I’ve been to France but didn't get to Normandy. I’ve never stood on Omaha Beach, stared up at the intimidating cliffs and wondered how men accomplished this impossible mission.
“D-Day” is one of those links to the past that trigger images of an old war with black and white photos of the Normandy invasion in 1944. It is remembered by aged men, most of them frail and fading. You see them interviewed on TV occasionally, their memories of those awful days 68 years ago as fresh and painful as though it happened just last week. Men whose number dwindles sadly with each passing day. You see their names in the obits with little American flags next to them.
I have nothing to add to their story, to this day of tribute. I’ve seen the movies, read the books, attended lectures. I was 9 years old when “our boys” landed. To me, it was adventure of the highest order. The stuff of comic books and movies and newspaper headlines and stories in Life magazine. I don’t recall seeing many pictures of dead, dying, wounded, maimed, suffering.
About 4 years ago I interviewed a man, then in his mid-80’s, who was there. At Omaha Beach. His name was Charles and he had lived a productive, happy life since the end of the war, raised a family, was still married and owned his own modest home. He and I were doing a video for his kids and grandkids. About his life. He talked about the war, the landing, the hard road across France.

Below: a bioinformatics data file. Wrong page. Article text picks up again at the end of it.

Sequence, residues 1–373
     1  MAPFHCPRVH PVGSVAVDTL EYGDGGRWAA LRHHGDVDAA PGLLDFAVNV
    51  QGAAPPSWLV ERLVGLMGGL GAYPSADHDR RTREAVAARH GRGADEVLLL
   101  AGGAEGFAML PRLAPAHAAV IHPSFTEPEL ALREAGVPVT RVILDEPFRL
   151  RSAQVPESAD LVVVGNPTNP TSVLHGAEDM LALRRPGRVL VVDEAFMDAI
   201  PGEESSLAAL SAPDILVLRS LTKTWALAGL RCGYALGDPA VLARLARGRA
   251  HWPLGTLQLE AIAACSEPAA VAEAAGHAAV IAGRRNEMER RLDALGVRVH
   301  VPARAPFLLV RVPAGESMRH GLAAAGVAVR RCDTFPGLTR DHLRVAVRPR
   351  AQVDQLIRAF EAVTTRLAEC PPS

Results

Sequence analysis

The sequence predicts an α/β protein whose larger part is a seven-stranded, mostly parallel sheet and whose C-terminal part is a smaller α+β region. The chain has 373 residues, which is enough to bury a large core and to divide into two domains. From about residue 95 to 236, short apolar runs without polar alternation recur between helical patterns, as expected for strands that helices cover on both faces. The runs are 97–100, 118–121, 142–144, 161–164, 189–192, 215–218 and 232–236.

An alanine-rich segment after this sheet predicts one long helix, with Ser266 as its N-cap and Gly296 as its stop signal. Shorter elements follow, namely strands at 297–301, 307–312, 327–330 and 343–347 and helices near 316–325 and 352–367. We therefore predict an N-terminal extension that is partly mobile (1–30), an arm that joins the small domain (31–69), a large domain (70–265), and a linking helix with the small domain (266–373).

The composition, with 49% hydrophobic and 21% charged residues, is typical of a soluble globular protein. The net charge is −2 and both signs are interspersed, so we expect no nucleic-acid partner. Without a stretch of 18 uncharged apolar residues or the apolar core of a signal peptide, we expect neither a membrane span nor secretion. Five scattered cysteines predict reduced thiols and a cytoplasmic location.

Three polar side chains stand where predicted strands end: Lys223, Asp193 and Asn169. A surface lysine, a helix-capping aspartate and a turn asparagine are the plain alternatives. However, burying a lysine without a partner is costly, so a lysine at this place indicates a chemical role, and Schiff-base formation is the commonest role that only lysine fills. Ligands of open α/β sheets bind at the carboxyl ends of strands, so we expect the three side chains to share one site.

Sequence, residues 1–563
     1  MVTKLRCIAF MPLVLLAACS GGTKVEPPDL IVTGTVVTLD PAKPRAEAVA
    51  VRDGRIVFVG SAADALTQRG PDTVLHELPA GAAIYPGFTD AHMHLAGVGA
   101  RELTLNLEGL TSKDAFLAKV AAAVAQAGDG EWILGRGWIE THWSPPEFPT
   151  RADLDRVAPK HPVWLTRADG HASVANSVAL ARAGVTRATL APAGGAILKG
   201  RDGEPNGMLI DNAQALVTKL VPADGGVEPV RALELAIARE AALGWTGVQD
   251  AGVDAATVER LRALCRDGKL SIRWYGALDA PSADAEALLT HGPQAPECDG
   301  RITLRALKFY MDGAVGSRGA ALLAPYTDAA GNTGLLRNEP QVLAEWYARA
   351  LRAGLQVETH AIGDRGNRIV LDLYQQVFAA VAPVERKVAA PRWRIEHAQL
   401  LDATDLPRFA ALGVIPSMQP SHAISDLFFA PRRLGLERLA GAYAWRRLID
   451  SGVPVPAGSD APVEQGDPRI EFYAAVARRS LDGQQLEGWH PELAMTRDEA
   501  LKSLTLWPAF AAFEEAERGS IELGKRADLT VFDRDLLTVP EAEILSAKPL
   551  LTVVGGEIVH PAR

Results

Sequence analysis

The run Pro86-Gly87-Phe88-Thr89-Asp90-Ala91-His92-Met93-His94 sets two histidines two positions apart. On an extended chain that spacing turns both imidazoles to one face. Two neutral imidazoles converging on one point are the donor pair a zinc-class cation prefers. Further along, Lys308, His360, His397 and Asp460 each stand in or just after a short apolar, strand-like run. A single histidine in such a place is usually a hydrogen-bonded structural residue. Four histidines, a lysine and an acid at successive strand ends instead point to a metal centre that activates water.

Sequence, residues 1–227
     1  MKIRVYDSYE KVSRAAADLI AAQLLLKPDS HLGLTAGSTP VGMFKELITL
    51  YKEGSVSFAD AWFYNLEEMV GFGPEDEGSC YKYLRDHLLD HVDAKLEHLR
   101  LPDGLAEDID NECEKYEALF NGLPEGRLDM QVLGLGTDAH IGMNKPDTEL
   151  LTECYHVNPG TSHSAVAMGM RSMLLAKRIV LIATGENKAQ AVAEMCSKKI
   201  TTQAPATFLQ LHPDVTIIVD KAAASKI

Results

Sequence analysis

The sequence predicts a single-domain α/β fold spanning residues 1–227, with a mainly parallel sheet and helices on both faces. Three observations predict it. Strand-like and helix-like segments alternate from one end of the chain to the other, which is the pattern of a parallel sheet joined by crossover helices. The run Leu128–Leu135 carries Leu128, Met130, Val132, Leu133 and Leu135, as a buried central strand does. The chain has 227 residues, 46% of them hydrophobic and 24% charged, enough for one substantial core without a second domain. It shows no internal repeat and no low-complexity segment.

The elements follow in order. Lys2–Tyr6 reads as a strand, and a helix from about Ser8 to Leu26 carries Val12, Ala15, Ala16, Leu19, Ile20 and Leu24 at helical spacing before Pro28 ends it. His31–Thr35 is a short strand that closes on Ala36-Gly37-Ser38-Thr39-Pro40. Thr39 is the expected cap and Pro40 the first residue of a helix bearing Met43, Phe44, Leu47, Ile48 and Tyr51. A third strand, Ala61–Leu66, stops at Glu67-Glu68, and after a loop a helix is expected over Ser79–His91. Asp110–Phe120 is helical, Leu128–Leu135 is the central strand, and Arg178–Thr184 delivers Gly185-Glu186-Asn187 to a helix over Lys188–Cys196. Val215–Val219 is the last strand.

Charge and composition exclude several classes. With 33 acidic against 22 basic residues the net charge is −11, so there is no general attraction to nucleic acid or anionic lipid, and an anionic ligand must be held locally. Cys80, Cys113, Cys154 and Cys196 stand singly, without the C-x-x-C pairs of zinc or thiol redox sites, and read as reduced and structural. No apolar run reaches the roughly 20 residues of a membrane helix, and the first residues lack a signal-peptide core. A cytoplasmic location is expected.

We got near the end of our conversation. He returned to one memory of D-Day, nothing deep or revealing, just a thought about being so thirsty. He paused. I asked him, “Are you a hero, Charles?” He looked at me, then looked away for a long time. I thought maybe he hadn’t heard the question. Then I saw tears in his eyes. It was the first time in the 2 hours we had been talking I had seen such depth of pain and feeling. Charles turned back to me and struggled to say, “The heroes are buried over there. Or they’re at the bottom of the ocean. I’m not a hero.”
Maybe that’s what D-Day means to me. Sure, part of it is the amazing bravery shown on all the beaches during those days. But the other part is the pain that continues decades later, the memories that remain buried. Or almost buried, only to resurface at the most unexpected moments.
To me, they were all heroes. And I pause to think of them them today.
Photo by Susan Manlin Katzman, taken at
Normany in May, 2012.